Japanese companies did more M&A in the U.S. than anywhere else, and that's up 23 percent over last year. Now, they're diversifying their purchases. Fred Katayama reports.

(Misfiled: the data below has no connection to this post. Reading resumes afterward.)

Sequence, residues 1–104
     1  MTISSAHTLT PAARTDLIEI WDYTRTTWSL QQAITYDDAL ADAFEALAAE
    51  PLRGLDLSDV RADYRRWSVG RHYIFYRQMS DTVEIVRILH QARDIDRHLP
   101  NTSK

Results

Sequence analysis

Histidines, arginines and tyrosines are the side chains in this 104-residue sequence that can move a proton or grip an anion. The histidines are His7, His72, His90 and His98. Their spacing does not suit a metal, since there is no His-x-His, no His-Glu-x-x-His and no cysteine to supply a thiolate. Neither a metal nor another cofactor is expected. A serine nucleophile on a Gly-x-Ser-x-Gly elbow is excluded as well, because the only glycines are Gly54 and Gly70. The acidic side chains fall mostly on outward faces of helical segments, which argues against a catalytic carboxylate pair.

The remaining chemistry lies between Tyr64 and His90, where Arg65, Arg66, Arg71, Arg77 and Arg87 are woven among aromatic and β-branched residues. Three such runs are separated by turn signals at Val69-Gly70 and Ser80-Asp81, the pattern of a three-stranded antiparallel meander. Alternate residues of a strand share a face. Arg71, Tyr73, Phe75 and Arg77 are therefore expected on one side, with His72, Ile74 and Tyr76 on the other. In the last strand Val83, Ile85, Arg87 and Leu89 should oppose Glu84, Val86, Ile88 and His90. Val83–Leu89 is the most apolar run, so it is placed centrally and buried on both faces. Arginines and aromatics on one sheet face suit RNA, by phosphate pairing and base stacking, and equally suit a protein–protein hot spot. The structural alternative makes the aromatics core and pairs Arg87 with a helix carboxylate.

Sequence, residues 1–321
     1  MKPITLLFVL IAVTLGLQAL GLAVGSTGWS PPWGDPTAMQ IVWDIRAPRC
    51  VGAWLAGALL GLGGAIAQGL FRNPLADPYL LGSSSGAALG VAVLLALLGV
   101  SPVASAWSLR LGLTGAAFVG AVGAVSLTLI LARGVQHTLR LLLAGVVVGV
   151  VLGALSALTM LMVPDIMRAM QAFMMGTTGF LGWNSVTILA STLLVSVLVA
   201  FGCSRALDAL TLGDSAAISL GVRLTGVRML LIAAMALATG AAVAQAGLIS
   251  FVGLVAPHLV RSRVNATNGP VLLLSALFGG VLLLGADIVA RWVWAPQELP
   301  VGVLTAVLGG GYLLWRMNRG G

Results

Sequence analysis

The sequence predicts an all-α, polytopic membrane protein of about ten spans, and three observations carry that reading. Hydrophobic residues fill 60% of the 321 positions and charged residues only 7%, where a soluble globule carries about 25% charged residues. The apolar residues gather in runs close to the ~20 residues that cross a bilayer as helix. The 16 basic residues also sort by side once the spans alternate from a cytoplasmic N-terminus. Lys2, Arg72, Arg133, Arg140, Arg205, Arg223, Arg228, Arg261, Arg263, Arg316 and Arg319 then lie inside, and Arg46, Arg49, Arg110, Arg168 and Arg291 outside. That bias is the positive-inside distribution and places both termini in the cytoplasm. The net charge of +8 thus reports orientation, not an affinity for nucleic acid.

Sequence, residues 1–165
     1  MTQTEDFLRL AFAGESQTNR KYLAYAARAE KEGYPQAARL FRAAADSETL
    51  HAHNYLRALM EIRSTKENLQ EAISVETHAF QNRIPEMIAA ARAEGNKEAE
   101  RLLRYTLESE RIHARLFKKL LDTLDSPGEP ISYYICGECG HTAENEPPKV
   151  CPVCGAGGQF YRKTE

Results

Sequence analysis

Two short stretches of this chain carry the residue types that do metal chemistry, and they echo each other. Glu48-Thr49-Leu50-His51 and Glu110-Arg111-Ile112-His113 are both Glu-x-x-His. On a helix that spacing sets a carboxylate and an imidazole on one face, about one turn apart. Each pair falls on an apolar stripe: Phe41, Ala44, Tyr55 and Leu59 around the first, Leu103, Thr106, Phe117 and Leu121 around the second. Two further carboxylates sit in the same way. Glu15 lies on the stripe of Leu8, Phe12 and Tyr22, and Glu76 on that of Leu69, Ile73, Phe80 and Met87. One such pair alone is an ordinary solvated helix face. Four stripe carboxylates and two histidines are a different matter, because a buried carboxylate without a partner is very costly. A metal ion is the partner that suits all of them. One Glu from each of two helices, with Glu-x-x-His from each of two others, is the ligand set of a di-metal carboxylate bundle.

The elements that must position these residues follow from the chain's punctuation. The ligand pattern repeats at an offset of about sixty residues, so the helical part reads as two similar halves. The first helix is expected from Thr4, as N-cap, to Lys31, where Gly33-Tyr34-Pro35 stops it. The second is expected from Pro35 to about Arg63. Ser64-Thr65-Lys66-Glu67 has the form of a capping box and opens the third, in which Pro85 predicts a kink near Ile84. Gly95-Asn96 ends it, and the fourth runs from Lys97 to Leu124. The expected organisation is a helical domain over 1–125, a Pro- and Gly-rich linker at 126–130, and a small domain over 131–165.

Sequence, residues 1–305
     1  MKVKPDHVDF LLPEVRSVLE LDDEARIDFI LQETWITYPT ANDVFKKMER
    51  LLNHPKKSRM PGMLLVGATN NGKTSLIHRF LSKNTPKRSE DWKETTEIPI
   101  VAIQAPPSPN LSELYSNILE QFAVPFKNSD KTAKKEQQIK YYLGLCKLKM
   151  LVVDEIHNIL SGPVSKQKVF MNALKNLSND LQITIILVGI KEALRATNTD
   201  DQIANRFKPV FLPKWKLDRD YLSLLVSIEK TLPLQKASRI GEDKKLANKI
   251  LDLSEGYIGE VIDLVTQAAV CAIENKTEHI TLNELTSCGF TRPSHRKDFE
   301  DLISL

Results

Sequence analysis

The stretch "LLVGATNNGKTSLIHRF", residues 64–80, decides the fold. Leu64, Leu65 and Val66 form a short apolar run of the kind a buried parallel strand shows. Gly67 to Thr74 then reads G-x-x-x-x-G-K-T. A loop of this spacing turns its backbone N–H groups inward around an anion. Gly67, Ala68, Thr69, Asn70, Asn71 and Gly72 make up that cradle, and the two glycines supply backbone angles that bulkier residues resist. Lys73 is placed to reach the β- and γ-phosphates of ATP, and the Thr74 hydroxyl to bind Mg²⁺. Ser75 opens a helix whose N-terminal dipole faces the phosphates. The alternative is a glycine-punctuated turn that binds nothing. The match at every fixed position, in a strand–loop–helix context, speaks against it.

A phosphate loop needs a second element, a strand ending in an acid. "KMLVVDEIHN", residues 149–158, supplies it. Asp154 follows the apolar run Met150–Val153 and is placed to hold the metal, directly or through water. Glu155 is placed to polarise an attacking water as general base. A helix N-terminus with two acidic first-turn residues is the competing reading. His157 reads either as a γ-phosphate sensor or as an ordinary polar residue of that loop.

They're not the headline grabbers of the '80s like Mitsubishi Estate's acquisition of Rockefeller Center, but Japan money is back. And more of it is heading for the U.S. Facing an aging and shrinking population, companies are scrambling overseas for growth. Japanese companies did more M&A in the U.S. than anywhere else -- some 87 companies this year, up 23 percent from last year and more than double that of the same period in 2004. In just the last seven months, Japanese insurers paid $5 to $7.5 billion each to snap up HCC Insurance, Protective Life, and StanCorp Financial. And drug maker Otsuka completed its purchase of Avanir Pharmaceuticals. Attorney Michael Braun heads the Japan Practice Group at Morrison Foerster. "In the first half of this year, 20 deals have come across my desk, and we're working on three or four of them actively, which is busy enough. Five years ago, I'd probably be working on five deals also but out of ten possibilities." Acquisition targets have widened. While the market value share of tech deals has shrunk by half since 2004, basic materials deals have risen and could rise more. "This year, I've seen growth in the number of Japanese companies interested in more mundane industries such as homebuilding materials, paint, steel pipes, construction, machinery." Many Japanese companies overpaid for trophy properties in the 1980s. But M&A experts say they've gotten wiser now. They've become more strategic and less spendthrift in their purchases.